- R. Lavanya, L. Teo, D. S. Friedman et al., “Comparison of anterior chamber depth measurements using the IOLMaster, scanning peripheral anterior chamber depth analyser, and anterior segment optical coherence tomography,” British Journal of Ophthalmology, vol. 91, no. 8, pp. 1023–1026, 2007.
- I. Bueno-Gimeno, E. España-Gregori, A. Gené-Sampedro, A. Lanzagorta-Aresti, and C. Dualde-Beltrán, “Anterior chamber depth measurement in teenagers. Comparison of two techniques,” Journal of Optometry, vol. 6, no. 3, pp. 161–166, 2013.
- U. A. Dinc, E. Gorgun, B. Oncel, M. N. Yenerel, and L. Alimgil, “Assessment of anterior chamber depth using visante optical coherence tomography, slitlamp optical coherence tomography, IOL Master, Pentacam and Orbscan IIz,” Ophthalmologica, vol. 224, no. 6, pp. 341–346, 2010.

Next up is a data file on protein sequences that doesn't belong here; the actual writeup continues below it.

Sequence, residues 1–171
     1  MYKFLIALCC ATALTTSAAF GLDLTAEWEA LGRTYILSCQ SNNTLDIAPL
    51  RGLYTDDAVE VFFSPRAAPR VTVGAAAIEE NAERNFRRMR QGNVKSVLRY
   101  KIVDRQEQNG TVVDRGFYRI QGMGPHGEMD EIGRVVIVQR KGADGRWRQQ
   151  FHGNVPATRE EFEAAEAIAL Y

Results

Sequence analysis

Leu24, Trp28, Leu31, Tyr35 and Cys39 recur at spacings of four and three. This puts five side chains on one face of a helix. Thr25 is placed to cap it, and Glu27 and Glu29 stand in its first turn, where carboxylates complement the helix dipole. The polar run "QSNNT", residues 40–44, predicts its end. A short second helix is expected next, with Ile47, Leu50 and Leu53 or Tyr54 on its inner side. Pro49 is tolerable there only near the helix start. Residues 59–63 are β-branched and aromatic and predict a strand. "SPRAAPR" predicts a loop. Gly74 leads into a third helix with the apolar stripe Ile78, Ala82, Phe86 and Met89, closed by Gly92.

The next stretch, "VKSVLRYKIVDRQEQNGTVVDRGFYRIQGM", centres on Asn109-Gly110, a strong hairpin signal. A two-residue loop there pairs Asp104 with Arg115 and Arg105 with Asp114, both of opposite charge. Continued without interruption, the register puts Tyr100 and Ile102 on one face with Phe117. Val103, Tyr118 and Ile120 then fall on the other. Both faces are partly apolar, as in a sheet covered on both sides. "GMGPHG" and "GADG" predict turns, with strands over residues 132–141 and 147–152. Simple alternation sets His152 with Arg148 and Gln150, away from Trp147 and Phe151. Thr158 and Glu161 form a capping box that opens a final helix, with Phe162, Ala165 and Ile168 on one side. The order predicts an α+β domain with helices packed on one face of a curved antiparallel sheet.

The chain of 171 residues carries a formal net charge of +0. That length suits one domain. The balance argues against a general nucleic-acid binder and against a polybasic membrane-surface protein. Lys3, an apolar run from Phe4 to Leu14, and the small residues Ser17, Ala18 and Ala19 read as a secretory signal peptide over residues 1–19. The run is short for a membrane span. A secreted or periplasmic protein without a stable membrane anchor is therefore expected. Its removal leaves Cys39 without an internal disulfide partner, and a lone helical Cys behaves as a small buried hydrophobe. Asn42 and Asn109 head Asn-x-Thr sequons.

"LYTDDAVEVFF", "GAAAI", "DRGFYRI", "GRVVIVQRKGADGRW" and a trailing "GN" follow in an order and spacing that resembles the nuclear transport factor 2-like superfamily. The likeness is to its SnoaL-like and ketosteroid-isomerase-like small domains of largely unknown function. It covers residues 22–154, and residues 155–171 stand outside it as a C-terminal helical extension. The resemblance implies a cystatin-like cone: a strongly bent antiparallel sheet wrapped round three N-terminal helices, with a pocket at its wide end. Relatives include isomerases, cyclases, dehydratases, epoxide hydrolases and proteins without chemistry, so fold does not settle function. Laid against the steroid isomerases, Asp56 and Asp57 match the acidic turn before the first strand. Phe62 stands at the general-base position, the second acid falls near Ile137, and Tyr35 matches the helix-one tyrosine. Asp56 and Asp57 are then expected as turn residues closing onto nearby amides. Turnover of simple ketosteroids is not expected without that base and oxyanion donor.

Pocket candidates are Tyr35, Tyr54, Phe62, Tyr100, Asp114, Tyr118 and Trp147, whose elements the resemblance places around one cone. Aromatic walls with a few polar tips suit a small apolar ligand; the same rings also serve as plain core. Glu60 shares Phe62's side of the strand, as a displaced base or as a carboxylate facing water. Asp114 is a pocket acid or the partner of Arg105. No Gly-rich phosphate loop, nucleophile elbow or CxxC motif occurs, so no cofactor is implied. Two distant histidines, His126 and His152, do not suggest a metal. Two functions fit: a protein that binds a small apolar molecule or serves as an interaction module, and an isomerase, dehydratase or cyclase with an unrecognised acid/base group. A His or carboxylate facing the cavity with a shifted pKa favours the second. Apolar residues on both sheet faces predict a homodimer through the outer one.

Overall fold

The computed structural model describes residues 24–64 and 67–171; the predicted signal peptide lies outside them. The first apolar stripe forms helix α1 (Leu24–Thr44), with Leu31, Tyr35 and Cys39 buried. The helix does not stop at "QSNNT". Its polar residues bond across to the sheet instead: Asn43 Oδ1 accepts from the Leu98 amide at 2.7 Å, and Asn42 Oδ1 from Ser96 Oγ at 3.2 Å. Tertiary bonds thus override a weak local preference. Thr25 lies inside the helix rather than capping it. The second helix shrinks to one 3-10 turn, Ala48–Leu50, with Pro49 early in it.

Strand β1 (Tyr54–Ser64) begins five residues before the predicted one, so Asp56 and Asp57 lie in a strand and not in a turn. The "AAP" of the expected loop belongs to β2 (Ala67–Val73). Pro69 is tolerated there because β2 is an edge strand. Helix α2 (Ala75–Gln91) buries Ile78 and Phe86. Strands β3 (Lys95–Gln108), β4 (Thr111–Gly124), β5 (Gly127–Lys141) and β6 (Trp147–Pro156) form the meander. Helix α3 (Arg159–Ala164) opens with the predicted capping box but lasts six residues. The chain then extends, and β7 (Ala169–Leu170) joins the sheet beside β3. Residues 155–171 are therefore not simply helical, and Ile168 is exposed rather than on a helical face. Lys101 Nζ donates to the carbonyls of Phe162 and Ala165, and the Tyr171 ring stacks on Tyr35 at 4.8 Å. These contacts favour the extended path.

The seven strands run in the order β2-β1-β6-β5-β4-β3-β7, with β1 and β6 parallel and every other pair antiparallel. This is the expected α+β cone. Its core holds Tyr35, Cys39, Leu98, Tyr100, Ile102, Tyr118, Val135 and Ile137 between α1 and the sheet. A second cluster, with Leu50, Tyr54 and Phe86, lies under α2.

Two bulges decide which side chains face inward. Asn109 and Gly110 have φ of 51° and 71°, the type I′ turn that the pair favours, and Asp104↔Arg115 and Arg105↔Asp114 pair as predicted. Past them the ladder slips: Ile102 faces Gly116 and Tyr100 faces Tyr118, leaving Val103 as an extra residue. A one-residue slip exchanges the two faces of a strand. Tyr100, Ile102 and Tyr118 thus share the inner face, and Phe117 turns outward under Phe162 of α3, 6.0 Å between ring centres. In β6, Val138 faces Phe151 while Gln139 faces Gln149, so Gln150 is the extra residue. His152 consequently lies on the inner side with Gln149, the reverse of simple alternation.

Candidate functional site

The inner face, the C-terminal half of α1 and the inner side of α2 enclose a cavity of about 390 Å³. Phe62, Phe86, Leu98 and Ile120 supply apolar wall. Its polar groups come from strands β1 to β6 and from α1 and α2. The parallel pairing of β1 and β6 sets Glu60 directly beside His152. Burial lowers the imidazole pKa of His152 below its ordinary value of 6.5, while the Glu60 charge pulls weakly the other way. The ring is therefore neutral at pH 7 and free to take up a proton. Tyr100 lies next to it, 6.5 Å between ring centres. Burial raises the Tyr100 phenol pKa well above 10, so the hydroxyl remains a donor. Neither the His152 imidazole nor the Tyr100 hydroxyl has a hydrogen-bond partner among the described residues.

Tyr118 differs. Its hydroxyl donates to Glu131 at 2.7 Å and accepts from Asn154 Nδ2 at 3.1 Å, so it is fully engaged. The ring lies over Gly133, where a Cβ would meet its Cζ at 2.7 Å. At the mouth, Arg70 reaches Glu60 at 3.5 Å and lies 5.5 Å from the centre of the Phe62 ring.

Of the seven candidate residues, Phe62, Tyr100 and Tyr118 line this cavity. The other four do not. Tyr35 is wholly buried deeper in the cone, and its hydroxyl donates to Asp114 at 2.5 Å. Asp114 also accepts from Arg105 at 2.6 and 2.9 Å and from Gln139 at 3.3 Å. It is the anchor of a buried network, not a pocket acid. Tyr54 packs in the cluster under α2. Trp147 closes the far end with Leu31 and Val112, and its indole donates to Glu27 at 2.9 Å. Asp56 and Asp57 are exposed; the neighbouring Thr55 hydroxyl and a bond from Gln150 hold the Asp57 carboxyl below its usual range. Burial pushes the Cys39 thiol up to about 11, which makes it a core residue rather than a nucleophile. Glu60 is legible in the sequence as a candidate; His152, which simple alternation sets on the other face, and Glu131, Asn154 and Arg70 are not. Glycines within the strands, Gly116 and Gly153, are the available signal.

Copyright © 2016 Jinhai Huang et al. This is an open access article distributed under the Creative Commons Attribution License, which permits unrestricted use, distribution, and reproduction in any medium, provided the original work is properly cited.